Zero Install allows anyone to install software by default, but gives the software no access to the machine (since it doesn't run any of its code at install time). You could configure Zero Install so that only root can install software, but the software would still get no ability to do anything at install time.

The reason we allow anyone to install software by default is the principle of Do Not Prohibit What You Cannot Prevent [citation needed]. On Linux, unprivileged users can install software even without Zero Install, so trying to stop them makes life harder for legitimate users but doesn't improve security.

Security and Usability

Some people think of security and usability as a trade-off, with systems being either easy to use, or secure, but not both. But in fact, security is a necessary part of usability. Some examples:

  • I used to program on a system which had no memory protection, allowing any process to overwrite any other process's memory. Linux prevents programs from doing this. This makes my life as a programmer easier, not harder, because when a program crashes I know that the problem is in that program and not in some other one.

  • Sometimes, I forget where I saved a file. But, I never need to search /usr in case I accidentally saved my letter there; it can't be there, because my word processor doesn't have permission to save there.

  • People often find their computers are infected with spyware and adware, which slows them down, causes crashes, and redirects them to undesirable web sites. Such a system has poor usability.

  • An artist may find a useful image processing filter on the web. If all this filter can do is read an input image and output a modified one then the artist is more likely to try it (and produce better work). If image filters can seriously damage the system then the artist may have to pass it over; the risk from a malicious filter is too great.

  • Few programs are as easy to run in a restricted environment as the image filter example above; an accounting package needs access to my accounts, for example. Still, with good security we can evaluate lots of possible programs and then only weigh up the risk for the one we choose. Without good security we must evaluate fewer programs, and we are at risk from each one we try.

Good security is therefore vital to a usable system. A usable system must be understandable and predictable; on a system where any action can have any consequence this is not possible.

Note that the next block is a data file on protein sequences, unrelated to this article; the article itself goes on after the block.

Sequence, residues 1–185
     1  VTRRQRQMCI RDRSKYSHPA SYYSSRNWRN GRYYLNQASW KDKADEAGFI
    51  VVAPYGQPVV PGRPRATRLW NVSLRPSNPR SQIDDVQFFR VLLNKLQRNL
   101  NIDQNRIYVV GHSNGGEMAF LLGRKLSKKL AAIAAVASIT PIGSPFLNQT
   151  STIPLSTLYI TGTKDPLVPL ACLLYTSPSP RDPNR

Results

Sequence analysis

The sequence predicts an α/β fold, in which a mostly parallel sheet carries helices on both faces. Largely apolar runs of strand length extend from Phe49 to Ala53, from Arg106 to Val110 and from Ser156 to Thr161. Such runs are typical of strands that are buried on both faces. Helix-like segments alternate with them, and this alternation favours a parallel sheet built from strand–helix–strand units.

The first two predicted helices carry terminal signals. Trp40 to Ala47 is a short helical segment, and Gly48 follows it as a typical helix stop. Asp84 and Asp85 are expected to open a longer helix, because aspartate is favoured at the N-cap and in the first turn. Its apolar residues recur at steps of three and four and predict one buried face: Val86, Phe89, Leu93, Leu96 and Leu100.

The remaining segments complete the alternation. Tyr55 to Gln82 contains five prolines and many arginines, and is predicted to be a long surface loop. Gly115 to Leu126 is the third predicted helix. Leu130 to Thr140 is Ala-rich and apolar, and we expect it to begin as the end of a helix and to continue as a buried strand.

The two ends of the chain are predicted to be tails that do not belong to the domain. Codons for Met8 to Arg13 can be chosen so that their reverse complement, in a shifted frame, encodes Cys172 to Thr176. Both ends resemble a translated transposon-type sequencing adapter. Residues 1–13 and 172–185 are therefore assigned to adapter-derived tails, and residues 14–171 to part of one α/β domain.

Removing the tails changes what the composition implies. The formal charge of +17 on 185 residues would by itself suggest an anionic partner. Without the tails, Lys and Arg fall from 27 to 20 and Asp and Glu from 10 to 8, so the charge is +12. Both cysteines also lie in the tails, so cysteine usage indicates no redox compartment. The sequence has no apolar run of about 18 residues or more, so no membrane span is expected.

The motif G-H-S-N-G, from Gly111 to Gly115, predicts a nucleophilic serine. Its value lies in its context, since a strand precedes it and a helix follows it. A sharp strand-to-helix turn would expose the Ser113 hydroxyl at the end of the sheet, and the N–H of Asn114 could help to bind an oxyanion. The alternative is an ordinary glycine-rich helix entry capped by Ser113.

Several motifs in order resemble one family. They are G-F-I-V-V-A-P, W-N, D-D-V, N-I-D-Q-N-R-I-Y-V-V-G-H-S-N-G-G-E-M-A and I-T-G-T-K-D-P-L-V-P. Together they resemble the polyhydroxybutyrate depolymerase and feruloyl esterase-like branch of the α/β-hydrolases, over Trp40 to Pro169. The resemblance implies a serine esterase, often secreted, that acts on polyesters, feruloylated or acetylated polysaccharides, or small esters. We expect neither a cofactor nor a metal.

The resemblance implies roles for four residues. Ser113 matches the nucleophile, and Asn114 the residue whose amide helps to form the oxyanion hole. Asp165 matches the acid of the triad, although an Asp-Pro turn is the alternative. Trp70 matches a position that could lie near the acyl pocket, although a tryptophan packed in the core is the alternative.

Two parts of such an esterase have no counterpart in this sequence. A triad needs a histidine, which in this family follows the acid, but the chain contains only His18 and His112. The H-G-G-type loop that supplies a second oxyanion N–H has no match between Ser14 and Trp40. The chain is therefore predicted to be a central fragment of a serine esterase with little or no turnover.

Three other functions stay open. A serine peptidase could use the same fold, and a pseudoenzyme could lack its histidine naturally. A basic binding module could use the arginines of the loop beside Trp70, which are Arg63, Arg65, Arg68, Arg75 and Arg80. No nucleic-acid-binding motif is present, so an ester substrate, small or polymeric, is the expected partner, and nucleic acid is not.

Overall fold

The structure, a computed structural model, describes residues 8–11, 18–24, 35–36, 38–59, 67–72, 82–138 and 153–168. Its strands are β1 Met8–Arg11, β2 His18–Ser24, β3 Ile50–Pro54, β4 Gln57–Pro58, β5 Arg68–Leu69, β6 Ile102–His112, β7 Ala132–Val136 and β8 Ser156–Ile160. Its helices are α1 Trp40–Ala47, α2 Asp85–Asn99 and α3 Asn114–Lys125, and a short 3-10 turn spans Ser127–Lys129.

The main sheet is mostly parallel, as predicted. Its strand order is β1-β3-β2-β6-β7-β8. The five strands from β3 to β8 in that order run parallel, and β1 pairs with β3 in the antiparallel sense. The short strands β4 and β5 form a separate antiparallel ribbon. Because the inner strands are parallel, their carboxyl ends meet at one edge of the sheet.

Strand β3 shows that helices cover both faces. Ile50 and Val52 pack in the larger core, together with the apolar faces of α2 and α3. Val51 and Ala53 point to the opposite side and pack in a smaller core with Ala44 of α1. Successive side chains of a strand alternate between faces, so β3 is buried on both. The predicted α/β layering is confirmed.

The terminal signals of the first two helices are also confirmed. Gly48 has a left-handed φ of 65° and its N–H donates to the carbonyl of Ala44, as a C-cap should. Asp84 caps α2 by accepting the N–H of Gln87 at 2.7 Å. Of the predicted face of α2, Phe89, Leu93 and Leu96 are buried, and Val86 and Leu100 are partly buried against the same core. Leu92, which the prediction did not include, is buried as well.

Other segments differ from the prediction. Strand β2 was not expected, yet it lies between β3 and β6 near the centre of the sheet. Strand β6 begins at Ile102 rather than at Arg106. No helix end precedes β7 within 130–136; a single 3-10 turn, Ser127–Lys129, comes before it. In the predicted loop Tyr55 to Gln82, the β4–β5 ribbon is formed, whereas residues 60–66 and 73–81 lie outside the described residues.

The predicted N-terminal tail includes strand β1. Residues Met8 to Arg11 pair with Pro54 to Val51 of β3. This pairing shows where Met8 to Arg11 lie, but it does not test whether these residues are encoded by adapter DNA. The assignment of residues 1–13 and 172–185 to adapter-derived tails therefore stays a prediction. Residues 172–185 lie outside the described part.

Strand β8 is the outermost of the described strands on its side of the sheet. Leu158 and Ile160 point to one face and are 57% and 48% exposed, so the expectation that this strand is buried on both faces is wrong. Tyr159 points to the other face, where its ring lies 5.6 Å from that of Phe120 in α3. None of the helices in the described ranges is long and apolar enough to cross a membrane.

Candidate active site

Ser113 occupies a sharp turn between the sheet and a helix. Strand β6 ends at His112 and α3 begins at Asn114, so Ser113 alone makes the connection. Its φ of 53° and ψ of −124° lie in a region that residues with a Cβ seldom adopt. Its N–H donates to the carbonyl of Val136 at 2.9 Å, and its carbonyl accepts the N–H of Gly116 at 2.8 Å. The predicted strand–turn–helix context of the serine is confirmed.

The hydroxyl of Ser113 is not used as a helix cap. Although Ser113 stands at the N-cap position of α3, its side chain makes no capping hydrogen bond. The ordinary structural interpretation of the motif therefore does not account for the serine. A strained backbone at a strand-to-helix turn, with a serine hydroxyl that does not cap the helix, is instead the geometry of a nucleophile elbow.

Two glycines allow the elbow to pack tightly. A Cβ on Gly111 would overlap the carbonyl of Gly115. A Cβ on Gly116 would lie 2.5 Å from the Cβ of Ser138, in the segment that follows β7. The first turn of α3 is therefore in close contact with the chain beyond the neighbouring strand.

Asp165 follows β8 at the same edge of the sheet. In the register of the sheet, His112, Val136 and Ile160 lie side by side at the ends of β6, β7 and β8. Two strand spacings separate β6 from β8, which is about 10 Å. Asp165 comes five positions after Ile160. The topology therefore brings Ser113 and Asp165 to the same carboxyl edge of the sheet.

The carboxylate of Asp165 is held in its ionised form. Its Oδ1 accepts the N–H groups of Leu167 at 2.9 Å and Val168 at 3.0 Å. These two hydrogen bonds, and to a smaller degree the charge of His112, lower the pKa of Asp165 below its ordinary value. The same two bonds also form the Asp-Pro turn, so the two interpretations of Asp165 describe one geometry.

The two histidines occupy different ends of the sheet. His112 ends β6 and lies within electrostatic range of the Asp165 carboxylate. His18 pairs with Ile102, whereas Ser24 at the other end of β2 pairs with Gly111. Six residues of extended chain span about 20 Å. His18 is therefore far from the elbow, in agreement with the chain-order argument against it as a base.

Consider traditional software installation on Linux or Windows. You download some package and execute a script inside it. Imagine that I give you a package in your favourite format (setup.exe, .deb, .rpm, source tarball, etc) and ask you to install it. Assume that your system is functioning correctly; what will happen as a result of installing this program?

  • Will a new item appear on your Start menu (or equivalent)?
  • Will some other program on your computer stop working as a result of a installing this one?
  • Will a new service be added to your boot sequence?
  • Will your browser's saved passwords be posted to an IRC server and your hard disk reformatted?

The answer, for all the formats listed above, is "I don't know". With Zero Install, none of these things can happen without some extra action on your part.

Now, Zero Install is not a complete solution to these problems. In particular, it does not stop programs from doing any of these things when run. That problem is for some other project to solve (and there are plenty of people working on this; see Plash or SysTrace for example). But Zero Install already brings benefits without the use of these programs (the effects above which require root access will be blocked), and it is clearly a necessary base on which such technologies can be built. Being able to run software in a sandbox is of limited benefit if it requires full root access to install it first!